Jackalope: The Popular Mysterious Wyoming Legend

Jackalope: The Popular Mysterious Wyoming Legend

To most people, the idea of a rabbit with antlers is a myth, but some think the creature is real.

The jackalope is one of the most popular mythical animals in Wyoming's folklore to this day.

The name of this creature is a portmanteau of the words jackrabbit and antelope. While it has the body of a rabbit, it has the horns of an antelope.

Among its most interesting attributes is its ability to sing. According to folklore, the creature is also quite powerful and elusive.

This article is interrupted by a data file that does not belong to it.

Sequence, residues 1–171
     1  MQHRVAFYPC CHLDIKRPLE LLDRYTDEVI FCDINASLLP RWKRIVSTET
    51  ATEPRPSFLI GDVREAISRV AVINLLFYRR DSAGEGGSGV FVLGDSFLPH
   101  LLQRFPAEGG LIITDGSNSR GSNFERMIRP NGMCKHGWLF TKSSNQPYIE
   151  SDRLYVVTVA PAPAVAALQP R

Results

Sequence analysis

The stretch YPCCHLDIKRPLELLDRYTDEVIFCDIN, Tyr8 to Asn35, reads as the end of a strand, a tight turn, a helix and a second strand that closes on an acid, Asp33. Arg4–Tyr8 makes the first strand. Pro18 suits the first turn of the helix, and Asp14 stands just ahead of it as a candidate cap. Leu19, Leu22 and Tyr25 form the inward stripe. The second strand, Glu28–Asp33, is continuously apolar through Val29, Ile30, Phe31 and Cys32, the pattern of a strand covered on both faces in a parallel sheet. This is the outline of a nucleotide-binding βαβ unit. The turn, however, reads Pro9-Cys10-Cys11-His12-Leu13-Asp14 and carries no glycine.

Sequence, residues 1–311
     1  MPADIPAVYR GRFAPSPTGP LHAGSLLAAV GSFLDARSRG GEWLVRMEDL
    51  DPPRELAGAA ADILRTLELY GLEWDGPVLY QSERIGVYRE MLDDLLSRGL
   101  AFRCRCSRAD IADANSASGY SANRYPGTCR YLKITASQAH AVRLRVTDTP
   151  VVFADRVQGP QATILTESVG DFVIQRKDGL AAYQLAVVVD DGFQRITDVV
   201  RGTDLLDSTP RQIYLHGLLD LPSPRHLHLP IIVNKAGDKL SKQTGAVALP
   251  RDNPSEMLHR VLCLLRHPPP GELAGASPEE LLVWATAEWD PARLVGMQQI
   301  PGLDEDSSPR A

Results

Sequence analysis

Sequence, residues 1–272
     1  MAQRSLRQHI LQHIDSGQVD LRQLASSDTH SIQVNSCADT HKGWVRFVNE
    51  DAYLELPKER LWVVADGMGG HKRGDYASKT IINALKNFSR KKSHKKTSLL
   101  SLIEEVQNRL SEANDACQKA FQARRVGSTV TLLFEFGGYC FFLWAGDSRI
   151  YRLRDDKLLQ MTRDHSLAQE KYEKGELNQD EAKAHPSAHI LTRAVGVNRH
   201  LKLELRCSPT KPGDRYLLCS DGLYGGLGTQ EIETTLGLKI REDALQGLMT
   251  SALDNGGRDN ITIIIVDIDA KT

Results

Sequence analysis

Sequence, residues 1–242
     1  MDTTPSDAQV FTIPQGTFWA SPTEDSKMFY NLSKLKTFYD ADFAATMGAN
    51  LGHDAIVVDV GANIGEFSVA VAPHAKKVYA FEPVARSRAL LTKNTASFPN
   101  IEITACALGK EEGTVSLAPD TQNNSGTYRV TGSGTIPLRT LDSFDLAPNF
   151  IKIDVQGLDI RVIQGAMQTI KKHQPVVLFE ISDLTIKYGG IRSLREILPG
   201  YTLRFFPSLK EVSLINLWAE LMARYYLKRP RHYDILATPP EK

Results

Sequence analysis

Where Did The Jackalope Legend Start?

The jackalope has a disputed origin, just like the Big Foot and the Loch Ness monster. While it is not clear how the legend of the jackalope started, many agree that two brothers from Wyoming are responsible for creating the myth.

Douglas Herrick, a Wyoming resident, is credited with making up the mythical creature.

He went on a successful hunting trip with his brother Ralph in 1932. After they got home, they put the animals they had hunted on the ground.

While setting down rabbit carcasses beside antelope antlers, he got the idea to create a rabbit head with antlers.

Ralph suggested that they mount the animal.

Over time, Wyoming residents fell in love with the mythical creature, and Herrick sold the first mounted jackalope to a local hotel owner for ten dollars.